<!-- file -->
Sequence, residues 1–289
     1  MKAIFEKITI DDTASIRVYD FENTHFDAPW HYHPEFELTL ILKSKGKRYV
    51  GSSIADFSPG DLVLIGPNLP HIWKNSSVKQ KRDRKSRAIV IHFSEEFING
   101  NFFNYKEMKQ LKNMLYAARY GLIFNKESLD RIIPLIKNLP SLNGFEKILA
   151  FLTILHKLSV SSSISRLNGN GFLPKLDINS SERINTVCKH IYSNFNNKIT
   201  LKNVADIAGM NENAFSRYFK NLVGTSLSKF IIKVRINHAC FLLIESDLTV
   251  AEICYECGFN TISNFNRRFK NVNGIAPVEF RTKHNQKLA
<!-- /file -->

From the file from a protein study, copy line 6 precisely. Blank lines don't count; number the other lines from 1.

   201  LKNVADIAGM NENAFSRYFK NLVGTSLSKF IIKVRINHAC FLLIESDLTV